In part two of the interview, Cat talks to Eitan Glinert, Fire Hose Games Fire Chief, about VR, the accelerator program that incubates indies, and gauche money stuff.
CAT: What are your thoughts about VR? And developing for Oculus?
EITAN: I was skeptical until I tried out the Valve test kits, and they converted me to a true believer. I still think we're still a year or two away from VR really penetrating the marketplace, but I think that by the later part of this decade we'll be seeing some really incredible VR games that will blow the current stuff out of the water. And I'll definitely want to make one or two of those games!
CAT: What does being an independent developer mean to you? And what do you think of the current indie scene?
EITAN: Indie to me means that you aren't getting paid to make your game, and that you're risking your own skin to create the game you're working on. I don't like the other definitions of indie because it gets bullshitty fast when you try to say who is and who isn't indie.
I think that the current indie scene is both fantastic and terrifying. It's fantastic because I've never seen more innovation in games, and I love playing games that feel genuinely creative and original. The quality of indie games feels like it's going up too. It's terrifying because I think it's a bit of a gold rush, with tons of people rushing to get "into" indie gaming, only to discover that it's incredibly hard to be successful.
CAT: Can you talk about the financial realities of being independent? I know that after the release of Slam Bolt Scrappers, things weren't always easy.
EITAN:As a lot of folks know it's very tough to be indie. Making video games as an indie has become something of a gold rush, there are a ton of aspiring developers flooding the market for attention, which makes it even harder for the average indie to make a buck. People who want to make an indie game need to have a plan nowadays beyond just "I'll spend a few months and make a great game" if they want to have any chance of success. You asked about Slam Bolt Scrappers, that was a sad story for us. We bet a lot on the game and had a lot of buzz around it going into launch. However it really underperformed, especially on PS3 due to the hack which caused the store to go offline for 2 months right after we launched. It even led to layoffs here at Fire Hose. That's the sad truth about indie development, usually it's not nearly as glamorous as you'd hope and there's a lot of failure!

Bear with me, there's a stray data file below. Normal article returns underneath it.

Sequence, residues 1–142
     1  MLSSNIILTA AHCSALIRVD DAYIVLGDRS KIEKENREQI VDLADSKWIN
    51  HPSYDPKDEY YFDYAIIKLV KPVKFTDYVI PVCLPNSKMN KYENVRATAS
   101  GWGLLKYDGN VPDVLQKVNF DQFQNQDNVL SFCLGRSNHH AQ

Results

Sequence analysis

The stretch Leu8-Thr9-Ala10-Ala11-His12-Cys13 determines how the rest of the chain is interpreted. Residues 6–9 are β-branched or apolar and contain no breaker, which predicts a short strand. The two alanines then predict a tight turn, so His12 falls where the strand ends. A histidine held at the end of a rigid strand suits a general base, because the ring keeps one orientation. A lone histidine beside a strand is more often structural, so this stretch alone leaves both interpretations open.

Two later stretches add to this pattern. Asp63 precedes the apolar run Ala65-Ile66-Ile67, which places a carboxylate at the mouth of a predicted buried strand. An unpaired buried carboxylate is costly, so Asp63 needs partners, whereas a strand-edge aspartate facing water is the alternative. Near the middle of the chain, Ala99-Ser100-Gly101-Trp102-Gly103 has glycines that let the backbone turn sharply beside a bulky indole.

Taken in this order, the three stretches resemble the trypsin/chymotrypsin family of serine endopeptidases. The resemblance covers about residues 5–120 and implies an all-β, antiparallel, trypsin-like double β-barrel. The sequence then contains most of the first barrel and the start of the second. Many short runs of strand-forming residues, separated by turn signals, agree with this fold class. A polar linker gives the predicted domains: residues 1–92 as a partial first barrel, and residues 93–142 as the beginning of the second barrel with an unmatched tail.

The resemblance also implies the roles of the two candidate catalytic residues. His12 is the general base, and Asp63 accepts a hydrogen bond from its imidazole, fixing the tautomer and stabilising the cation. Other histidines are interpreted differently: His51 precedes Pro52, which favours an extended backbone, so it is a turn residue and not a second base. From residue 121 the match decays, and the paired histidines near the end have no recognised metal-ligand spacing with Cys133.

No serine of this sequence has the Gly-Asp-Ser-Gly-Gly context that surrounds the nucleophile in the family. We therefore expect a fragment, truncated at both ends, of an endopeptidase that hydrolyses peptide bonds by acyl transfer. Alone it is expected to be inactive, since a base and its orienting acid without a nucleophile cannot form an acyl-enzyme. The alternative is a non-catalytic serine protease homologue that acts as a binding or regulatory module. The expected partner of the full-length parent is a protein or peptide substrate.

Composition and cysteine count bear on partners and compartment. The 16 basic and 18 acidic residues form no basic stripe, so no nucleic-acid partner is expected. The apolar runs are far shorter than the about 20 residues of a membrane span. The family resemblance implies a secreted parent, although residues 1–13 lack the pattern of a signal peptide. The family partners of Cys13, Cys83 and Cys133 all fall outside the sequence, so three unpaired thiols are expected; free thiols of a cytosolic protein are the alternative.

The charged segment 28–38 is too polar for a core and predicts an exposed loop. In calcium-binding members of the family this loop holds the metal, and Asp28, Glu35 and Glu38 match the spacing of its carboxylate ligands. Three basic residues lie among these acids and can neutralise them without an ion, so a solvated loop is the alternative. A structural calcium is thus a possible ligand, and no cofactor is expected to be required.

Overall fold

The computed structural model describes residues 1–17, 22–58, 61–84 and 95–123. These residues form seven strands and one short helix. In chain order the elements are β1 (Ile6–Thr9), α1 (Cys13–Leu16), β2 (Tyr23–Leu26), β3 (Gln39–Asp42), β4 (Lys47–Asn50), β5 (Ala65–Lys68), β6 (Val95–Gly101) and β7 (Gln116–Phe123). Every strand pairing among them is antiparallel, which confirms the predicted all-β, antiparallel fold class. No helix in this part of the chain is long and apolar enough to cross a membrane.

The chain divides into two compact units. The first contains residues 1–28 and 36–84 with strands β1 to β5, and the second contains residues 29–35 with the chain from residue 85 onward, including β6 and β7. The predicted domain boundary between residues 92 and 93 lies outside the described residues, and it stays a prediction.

CAT:Talk a bit about your accelerator program?
EITAN: Only because you asked me so nicely :) Our accelerator program is designed to help mitigate the gold rush problems I mentioned above for developers that work with us. The core idea is that talented developers work at Fire Hose with us on a daily basis and we help them make their game a reality, providing minimal financial support, networking help and guidance, and the resources necessary to finish the game. Then when the game comes out we take a cut of the royalties. It's different from traditional publishing in that we actually work in house with the developers, and we're developers ourselves!
CAT:Is it the first of its kind - why *didn’t* this exist before? And why were you the folks to notice and do something about it?
EITAN: Nowadays there are more people doing this sort of thing so it's not quite as rare as it was when we started a year ago. At the time I got the idea from the work I had done co-founding the Indie Megabooth - I was amazed at seeing what indies were capable of doing when they banded together and worked towards a common goal. I figured we could go the next logical step and actually help people make games, and that's how the idea was born!
CAT:And how do you go about funding the accelerator program, what has that been like?
EITAN:We're funding the accelerator with our own money, and now we're using Kickstarter to get our first accelerator game (Catlateral Damage) off the ground. I've been trying to raise investment money to bring on more teams, we'll see how that goes. If it comes down to it we'll just bootstrap the entire program with proceeds from our games and contract work.
CAT:Is this the future of Fire Hose Games? Will there be “Fire Hose” games or are you transitioning to solely incubating?
EITAN: That's a great question! I suspect we'll do both? I don't see us not making our own games in the future, and we're definitely going to be doing the accelerator. So a little of both I guess!
Day 6 | Fire Hose Games